by Akis Gavriilidis
Having lived in Thessaloniki around 1990, I personally witnessed the «our-name-is-our-soul» frenzy that emerged out of the blue in that city and its surroundings and became the starting point for the series of tragicomic events we all know. As most people, I was surprised by this eruption of heated interest for history, geopolitics, ethnology, and a number of other disciplines, for which I was totally unprepared. Listening to all these people who, with the air and the conviction of a specialist, repeated incessantly a set of newly discovered «scientific truths», I felt uneasy, but also puzzled, because these «truths» concerned a period and a topic I had no deep knowledge about. Instinctively, I felt there was something wrong with these discourses, but was not quite sure what a valid counter-argument would be.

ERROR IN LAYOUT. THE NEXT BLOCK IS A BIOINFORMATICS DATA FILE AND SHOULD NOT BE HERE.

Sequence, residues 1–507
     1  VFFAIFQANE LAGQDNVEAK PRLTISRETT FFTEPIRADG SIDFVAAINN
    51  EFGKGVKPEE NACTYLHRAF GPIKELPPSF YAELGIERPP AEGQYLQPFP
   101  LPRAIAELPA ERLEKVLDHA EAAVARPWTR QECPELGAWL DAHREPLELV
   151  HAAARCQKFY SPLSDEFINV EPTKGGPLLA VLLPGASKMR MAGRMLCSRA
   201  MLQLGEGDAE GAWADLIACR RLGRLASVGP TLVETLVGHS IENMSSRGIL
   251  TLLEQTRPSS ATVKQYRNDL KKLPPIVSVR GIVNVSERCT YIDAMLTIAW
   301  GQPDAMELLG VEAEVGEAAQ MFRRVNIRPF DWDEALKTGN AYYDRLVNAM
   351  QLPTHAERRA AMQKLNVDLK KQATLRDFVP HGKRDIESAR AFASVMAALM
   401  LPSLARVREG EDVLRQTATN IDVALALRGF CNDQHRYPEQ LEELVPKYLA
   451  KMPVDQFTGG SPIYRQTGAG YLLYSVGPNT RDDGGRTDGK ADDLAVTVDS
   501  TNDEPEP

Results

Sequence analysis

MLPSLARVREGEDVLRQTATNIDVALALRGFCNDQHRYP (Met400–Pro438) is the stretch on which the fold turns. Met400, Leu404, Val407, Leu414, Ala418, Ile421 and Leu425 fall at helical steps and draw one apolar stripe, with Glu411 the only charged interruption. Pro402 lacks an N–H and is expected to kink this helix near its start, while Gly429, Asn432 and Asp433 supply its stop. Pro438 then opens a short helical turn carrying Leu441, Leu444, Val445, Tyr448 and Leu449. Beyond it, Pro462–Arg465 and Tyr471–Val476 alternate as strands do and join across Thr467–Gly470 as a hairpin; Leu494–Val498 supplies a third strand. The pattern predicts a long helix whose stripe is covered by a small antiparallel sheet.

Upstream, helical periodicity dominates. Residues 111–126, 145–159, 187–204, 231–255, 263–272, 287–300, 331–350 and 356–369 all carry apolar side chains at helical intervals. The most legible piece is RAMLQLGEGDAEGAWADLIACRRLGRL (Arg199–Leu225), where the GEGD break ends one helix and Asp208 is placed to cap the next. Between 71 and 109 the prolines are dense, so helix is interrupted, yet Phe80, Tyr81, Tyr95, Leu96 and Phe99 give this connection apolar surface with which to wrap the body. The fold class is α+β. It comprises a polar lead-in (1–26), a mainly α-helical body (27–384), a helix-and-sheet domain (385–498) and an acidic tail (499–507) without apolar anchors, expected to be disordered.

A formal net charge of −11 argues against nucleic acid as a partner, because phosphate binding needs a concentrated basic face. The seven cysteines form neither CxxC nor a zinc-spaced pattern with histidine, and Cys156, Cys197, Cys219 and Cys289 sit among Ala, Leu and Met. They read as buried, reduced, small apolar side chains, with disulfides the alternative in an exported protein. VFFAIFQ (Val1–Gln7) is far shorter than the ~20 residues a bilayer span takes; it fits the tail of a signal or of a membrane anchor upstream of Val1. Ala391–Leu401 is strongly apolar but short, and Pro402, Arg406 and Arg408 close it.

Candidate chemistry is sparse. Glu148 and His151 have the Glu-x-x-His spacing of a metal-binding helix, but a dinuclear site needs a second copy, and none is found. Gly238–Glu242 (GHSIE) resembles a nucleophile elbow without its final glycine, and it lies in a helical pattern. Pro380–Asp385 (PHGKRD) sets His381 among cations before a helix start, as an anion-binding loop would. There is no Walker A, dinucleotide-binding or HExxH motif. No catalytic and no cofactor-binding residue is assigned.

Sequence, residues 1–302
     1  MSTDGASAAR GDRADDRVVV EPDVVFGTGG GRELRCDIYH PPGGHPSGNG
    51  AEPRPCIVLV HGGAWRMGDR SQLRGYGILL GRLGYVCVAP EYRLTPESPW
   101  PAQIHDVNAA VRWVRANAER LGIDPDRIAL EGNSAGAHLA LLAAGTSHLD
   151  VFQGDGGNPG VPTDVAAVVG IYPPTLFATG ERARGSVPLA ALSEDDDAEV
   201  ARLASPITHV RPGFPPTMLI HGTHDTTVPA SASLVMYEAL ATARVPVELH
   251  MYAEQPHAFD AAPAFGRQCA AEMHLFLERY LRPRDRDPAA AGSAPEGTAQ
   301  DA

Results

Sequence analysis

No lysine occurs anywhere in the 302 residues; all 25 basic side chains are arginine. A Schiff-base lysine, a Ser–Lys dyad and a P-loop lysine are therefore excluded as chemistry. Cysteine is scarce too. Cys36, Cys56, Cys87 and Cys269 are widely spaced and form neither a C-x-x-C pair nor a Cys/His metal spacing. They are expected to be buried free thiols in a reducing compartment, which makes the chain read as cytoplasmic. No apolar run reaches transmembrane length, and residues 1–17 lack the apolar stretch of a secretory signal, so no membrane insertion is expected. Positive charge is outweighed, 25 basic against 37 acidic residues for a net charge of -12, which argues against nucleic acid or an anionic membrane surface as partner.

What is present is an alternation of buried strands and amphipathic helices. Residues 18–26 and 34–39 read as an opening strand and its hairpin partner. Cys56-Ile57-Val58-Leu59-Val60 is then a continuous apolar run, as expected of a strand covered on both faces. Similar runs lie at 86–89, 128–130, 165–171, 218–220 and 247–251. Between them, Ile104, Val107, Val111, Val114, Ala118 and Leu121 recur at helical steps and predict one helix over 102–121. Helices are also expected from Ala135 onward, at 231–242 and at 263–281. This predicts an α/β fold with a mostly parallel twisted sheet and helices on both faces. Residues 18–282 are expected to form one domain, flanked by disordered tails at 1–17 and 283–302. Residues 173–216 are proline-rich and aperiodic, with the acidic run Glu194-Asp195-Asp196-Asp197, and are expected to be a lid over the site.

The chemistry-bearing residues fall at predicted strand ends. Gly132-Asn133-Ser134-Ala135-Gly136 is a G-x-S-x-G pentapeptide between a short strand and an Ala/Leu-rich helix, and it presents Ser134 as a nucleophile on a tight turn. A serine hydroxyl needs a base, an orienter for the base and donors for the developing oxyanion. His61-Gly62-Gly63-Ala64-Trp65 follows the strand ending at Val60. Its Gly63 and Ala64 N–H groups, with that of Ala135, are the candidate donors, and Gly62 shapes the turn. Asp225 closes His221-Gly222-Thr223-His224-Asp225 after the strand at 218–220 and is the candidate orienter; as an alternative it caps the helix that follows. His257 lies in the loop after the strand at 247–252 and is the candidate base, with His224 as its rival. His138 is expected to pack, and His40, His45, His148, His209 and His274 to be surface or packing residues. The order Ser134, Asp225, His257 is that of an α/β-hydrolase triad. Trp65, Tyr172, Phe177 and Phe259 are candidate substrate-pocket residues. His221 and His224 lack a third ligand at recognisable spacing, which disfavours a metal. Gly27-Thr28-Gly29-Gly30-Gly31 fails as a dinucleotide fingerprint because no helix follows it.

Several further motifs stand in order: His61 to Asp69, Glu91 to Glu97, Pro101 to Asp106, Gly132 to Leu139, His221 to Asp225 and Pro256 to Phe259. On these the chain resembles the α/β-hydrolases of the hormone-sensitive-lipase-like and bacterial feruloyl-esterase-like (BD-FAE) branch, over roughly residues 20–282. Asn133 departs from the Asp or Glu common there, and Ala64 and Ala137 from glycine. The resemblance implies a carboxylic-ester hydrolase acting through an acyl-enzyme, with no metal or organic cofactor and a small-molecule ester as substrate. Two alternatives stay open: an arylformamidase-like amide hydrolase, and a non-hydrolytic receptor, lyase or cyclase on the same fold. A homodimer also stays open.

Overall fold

At that time of confusion, when Greek newspapers were sweepingly stormed by a repetitive wave of “experts” providing “evidence” that “the name Macedonia was never used to describe a language and a people before 1944, this use is arbitrary and artificial,” one day, in a small leftist newspaper, Epokhì, an article appeared which contained some Συνέχεια